Every year the Internal Revenue Service receives more than 150 million returns. Of those returns, roughly 90 percent are filed electronically and the majority are done so by paid preparers.
Think of those numbers in the context that only about 38 percent of all taxpayers are honest enough to pay the federal income tax they are legally required to pay.
Is it any wonder then that tax preparers want you to hire them to prepare your taxes?
If you would like to save money while getting the same, if not better, service that a tax professional would provide, here are a few tips to help you.
What's Your Tax Filing Status?
When tax season comes around, you need to be clear about your filing status. Filing status determines what you can claim for tax deductions and credits. It also determines the right tax bracket for your salary and which tax tables you need to use. Thus, you should choose your filing status based on your individual situation. There are generally five categories:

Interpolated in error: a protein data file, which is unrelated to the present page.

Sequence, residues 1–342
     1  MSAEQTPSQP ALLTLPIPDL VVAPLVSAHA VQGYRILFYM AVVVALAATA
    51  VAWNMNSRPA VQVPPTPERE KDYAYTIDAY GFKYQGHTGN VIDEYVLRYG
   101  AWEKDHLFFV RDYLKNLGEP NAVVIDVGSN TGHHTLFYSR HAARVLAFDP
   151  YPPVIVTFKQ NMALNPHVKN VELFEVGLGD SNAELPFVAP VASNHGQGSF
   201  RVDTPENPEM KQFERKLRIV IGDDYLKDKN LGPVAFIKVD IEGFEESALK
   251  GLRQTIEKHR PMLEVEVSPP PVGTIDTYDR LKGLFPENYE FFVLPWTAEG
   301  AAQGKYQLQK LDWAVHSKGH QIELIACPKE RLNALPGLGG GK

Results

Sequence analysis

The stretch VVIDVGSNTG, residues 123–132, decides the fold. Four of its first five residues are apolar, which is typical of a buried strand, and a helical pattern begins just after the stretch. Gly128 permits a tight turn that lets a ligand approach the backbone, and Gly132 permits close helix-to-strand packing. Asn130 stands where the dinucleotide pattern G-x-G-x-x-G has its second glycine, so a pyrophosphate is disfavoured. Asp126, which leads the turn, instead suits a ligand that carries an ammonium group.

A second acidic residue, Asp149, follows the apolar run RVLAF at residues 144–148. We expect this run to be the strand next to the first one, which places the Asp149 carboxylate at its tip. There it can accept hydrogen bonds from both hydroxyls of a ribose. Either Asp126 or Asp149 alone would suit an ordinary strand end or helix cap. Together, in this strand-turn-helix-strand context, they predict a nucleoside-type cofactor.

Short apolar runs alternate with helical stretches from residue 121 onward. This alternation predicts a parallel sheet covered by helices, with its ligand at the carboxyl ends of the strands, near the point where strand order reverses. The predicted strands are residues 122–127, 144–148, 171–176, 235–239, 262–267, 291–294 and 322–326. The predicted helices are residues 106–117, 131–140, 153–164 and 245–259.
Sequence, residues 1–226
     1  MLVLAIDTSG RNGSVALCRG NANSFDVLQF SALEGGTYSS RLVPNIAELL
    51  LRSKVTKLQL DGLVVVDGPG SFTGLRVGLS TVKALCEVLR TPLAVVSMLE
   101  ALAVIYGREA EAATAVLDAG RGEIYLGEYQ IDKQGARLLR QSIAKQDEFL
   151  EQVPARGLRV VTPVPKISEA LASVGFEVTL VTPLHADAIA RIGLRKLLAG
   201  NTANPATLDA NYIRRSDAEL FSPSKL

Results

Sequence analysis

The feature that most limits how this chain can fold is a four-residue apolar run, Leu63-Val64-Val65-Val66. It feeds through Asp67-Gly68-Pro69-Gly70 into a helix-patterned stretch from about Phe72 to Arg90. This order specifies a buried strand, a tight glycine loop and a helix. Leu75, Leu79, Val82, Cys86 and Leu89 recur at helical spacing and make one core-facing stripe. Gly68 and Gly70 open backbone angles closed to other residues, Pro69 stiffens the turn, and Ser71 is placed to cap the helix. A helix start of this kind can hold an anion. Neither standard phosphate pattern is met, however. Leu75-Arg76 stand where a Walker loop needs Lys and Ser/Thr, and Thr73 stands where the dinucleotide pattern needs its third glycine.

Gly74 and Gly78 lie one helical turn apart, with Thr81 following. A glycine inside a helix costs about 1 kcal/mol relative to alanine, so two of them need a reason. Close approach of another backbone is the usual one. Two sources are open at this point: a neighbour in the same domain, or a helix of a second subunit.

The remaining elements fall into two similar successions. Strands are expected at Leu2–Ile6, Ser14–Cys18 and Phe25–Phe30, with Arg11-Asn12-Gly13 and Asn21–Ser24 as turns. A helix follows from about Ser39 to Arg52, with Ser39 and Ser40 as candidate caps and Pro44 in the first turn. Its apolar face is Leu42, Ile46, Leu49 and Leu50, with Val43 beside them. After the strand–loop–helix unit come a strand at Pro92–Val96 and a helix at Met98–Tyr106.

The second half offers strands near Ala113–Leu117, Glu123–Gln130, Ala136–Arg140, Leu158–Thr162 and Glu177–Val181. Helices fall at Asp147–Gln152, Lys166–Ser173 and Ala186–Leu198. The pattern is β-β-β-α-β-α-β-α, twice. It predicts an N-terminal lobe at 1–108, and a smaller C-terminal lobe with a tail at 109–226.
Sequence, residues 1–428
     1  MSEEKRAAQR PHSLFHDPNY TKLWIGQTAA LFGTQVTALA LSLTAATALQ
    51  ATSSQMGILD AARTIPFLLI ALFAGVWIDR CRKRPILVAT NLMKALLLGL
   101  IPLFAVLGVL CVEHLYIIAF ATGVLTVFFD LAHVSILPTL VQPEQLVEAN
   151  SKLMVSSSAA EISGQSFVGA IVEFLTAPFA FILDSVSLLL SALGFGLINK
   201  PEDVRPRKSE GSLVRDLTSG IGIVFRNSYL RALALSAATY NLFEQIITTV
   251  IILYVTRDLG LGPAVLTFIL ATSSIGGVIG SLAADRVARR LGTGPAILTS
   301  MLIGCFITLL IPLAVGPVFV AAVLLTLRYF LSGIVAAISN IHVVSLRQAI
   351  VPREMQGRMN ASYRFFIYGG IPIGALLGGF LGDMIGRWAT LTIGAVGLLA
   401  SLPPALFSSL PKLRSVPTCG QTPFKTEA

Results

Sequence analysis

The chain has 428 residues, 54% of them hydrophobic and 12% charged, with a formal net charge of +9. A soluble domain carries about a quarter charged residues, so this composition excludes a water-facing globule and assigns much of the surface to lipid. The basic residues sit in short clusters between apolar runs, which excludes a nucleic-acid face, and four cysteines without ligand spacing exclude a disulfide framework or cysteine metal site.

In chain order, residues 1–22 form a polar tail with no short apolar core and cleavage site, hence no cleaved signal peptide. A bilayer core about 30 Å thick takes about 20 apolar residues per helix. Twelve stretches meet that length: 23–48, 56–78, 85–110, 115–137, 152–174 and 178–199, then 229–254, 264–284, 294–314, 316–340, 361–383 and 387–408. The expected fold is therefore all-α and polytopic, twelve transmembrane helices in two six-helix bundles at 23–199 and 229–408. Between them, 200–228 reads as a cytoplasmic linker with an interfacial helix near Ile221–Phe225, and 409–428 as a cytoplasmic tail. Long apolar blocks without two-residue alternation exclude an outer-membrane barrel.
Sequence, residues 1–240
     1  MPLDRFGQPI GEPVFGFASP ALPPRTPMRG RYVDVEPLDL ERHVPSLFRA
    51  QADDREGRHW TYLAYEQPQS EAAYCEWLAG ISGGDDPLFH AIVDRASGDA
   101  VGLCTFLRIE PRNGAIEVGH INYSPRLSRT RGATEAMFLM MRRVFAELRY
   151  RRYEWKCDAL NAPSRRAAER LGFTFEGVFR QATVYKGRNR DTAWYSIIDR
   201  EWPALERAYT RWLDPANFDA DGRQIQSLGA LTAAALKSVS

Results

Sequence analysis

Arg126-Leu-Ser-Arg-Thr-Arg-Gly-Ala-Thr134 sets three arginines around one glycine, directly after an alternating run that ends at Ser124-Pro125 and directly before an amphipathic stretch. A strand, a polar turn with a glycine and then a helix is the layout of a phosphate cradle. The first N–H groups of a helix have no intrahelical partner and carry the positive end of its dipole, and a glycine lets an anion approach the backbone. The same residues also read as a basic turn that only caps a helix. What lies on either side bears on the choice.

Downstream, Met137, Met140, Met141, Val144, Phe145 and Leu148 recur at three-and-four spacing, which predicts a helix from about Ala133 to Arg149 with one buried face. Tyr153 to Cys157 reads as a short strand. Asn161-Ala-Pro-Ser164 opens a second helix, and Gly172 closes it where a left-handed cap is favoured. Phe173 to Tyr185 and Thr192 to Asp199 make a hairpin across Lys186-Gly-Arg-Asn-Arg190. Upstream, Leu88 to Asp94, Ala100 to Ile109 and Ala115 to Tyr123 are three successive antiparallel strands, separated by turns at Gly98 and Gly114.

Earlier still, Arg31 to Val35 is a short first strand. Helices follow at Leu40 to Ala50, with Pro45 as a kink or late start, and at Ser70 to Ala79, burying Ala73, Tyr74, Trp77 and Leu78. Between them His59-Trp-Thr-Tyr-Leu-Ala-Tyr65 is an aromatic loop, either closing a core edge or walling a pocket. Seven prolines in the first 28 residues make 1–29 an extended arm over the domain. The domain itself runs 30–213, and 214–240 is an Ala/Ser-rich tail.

- Married Filing Jointly
- Married Filing Separately
- Head of Household
- Qualifying Widow(er) with Dependent Children
Not sure what you should claim? The IRS provides A Guide to Filing Status that will help you choose the most advantageous status.
Federal Income Tax Rates and Brackets
There are many reasons to file your taxes early. So no matter how you choose to file, this guide will help you make the right decisions so you can get your taxes done right and your refund as fast as possible.
The 2019 income tax filing season is here. The first deadline (April 15, 2019) is just around the corner. If you can file and pay your taxes by the deadline, you won’t have to pay the federal government a dime more than you owe. But you should pay close attention to the coming deadlines and the weather if you live in an area that’s in a federally declared disaster area.
And this tax season is different. The Tax Cuts and Jobs Act (TCJA) changed tax filing for those who pay their taxes early. You can find out more about the new deadlines by reading this post.